Who Watches The Watchmen?
Unless you've spent the last several years hiding in caves in or near Afghanistan, or unless you fucking hate video games, you've almost certainly played Super Smash Bros. Melee or its sequel, Super Smash Bros. Brawl. As a result, you're at least partially familiar with Mr. Game & Watch, a nondescript solid black two-dimensional man who beeps, boops, and clicks like a motherfucker whenever he does something. He was damn near unplayable in Melee, but he's a high tier character in Brawl. Well have you ever wondered where he came from? If so, look it up on Wikipedia. ARTICLE OVER.
...fine, maybe not. On April 28, 1980, Nintendo released a handheld LCD game called Ball, which would be the first in a long line of handheld LCD games known as Game & Watch. The idea was simple: each portable device featured a simple game as well as a clock, complete with an alarm setting. This venture would garner worldwide success for Nintendo and along with Shigeru Miyamoto's 1981 classic Donkey Kong, the Game & Watch series would give Nintendo the finances necessary to develop further household gaming systems. If Game & Watch had not succeeded, there might not have been a Nintendo Entertainment System. The Game Boy, its direct successor, most certainly would have never existed. Suffice to say, Game & Watch is an important piece of Nintendo history, and as such, it deserves some sort of recognition. Well, this is it. Today we are going to be looking at the Wide Screen series, a collection of ten Game & Watch games released between June 1981 and April 1982. This was the third series of Game & Watch games released, and these models featured bigger buttons and bigger screens than the previous models, thus making them more accessible to people who lacked tiny Asian hands. Fuck it, that's enough background information. Let's rock.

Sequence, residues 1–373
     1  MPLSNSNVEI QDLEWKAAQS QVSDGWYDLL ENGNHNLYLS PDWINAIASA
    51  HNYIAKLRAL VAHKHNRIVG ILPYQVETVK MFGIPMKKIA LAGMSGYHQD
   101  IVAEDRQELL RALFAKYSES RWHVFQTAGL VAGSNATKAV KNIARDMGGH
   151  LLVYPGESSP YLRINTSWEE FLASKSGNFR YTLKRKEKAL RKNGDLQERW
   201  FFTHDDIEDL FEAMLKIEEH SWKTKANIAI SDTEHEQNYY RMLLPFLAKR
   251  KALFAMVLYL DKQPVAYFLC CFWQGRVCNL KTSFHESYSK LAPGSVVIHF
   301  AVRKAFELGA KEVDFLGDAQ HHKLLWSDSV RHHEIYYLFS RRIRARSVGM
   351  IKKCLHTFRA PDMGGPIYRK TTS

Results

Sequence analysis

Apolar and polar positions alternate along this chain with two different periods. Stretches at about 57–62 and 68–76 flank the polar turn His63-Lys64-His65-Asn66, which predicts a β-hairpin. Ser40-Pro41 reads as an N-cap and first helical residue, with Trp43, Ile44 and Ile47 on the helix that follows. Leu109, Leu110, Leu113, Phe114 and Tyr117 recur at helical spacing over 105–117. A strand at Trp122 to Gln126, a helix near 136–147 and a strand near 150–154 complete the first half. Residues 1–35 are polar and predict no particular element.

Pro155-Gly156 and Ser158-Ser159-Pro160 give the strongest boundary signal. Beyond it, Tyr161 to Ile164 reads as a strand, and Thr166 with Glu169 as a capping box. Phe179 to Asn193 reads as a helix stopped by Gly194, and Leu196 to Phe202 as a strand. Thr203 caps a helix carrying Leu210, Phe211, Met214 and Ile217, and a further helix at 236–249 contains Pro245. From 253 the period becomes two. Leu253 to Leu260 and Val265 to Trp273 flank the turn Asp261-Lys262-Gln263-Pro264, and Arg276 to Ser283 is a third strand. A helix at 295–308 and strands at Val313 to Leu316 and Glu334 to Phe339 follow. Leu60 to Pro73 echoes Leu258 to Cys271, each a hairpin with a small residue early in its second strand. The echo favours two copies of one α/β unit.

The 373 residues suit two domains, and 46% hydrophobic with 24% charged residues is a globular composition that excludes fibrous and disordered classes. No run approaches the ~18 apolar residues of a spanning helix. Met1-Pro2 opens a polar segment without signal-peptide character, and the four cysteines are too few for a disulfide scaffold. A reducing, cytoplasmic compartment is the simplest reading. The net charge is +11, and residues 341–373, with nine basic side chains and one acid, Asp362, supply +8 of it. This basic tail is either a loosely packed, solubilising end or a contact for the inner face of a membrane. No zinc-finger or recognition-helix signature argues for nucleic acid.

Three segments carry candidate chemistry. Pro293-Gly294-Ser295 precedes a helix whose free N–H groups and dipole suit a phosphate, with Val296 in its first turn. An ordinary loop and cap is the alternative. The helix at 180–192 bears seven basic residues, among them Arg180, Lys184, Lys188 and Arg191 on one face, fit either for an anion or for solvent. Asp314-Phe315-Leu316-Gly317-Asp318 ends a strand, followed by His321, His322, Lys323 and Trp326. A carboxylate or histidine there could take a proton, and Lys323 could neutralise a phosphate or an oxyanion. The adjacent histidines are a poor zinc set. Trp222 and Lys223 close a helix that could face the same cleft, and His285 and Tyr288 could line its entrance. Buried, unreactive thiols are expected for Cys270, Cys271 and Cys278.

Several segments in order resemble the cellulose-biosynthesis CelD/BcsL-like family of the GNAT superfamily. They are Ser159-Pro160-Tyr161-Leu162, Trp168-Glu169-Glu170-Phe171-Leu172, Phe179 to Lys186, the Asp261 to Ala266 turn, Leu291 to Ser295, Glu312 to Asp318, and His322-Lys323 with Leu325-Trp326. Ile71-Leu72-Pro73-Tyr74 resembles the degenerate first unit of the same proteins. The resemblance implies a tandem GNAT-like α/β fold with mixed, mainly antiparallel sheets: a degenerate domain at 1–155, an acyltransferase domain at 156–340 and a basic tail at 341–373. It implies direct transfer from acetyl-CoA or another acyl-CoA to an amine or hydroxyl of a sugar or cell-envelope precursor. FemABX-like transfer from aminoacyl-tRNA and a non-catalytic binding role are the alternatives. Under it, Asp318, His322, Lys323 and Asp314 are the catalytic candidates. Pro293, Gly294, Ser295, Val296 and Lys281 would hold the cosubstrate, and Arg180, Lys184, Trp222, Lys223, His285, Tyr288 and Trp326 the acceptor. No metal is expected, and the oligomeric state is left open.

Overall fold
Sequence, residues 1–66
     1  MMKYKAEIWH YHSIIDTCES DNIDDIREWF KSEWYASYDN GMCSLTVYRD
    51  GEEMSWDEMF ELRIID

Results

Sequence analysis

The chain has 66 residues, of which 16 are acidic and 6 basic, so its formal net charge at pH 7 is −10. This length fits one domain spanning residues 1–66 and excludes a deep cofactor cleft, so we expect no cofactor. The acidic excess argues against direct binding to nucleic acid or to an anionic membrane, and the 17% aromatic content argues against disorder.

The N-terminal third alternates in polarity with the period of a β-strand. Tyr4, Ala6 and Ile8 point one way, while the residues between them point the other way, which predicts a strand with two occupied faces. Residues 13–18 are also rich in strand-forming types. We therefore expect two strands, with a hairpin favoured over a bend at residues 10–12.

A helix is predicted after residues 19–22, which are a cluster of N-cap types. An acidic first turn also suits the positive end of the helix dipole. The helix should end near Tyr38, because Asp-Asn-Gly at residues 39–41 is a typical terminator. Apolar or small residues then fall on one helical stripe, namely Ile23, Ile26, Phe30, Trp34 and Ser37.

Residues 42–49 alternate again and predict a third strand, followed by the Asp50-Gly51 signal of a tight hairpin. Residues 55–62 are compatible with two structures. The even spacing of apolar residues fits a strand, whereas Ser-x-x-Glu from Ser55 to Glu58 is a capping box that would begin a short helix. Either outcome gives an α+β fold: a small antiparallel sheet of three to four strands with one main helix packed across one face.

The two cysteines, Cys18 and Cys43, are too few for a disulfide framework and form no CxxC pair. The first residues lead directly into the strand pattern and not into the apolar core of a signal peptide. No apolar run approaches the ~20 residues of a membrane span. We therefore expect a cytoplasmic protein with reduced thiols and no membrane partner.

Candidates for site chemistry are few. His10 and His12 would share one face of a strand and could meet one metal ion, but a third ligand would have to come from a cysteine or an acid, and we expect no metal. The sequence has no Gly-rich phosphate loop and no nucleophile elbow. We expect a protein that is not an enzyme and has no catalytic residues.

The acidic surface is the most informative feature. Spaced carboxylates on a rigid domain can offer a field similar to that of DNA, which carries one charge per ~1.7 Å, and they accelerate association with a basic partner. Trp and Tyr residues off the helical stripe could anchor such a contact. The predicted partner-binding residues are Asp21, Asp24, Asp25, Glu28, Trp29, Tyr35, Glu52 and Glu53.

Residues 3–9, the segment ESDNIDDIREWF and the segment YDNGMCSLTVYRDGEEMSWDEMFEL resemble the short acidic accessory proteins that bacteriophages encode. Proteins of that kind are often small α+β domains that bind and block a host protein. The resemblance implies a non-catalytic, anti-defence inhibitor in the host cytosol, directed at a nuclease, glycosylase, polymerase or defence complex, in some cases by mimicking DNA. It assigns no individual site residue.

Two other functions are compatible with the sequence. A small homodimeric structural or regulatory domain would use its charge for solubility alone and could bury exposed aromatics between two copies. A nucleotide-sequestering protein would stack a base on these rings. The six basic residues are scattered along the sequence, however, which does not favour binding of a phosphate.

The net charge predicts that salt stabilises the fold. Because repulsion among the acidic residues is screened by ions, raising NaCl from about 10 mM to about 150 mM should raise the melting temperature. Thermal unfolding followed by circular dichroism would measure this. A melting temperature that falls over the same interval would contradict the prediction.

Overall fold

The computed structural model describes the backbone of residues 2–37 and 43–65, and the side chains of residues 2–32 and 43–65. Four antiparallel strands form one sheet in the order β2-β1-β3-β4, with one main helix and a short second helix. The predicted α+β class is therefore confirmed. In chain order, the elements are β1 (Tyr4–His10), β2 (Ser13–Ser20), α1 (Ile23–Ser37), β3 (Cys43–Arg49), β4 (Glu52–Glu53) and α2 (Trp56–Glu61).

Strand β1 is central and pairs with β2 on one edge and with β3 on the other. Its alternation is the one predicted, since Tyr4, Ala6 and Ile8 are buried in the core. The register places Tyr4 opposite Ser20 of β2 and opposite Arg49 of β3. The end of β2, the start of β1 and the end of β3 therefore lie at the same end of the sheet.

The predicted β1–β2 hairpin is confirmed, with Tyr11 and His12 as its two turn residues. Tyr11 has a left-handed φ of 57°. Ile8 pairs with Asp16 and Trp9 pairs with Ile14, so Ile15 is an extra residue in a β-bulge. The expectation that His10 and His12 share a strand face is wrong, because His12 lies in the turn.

Released: June 19, 1981
Parachute was the first game released in the Wide Screen series. It is the story of a magical helicopter that can carry a seemingly endless number of passengers. It cannot, however, carry an endless number of cocktails, and when the passengers start to get uppity, the pilot gets pissed and tells everyone to get the fuck out of his chopper. This abrupt evacuation takes places over shark-infested waters, and as the operator of a conveniently placed and equally magical rowboat, you take it upon yourself to save the hapless parachuters from certain death. If a parachuter lands in the water, he is immediately devoured by a hungry shark. Once three parachuters die, you realize the futility not only of your efforts, but of life itself, and give up. In Game A, parachuters fall continuously towards the water. In Game B, the poor bastards sometimes get stuck in the tree on the right and you have to wait for them to shake themselves loose before you can rescue them.
Released: July 16, 1981
The British poet laureate Ringo Starr once lamented that he would "like to be under the sea, in an octopus's garden in the shade". And though I respect his elegant wordplay and the complex meter of his musings, I'm afraid I do not share the great Mr. Starr's sentiments. As someone who has played the Octopus handheld from the Game & Watch series, I can tell you with deadly certainty that an octopus's garden is little more than a treasure hoard and most octopi absolutely do not want to be your friends. Instead, they will choke the fucking life out of you if you even fucking think about touching their shit. But in Octopus, that's exactly what you do. You send a team of divers down to the bottom of the ocean to steal gold from a lethargic octopus. As you descend towards the treasure, you must dodge the octopus's constantly expanding and retracting tentacles. You get one point for each piece of treasure you grab, and bonus points for bringing it back to your boat. You can grab multiple pieces of treasure at once, but be careful not let the octopus fucking grab you. If the octopus grabs your diver, he will fucking murder him right in front of your eyes and you'll have to send another guy down. The game ends when the octopus kills all of your divers. The octopus's tentacles move significantly faster in Game B than they do in Game A.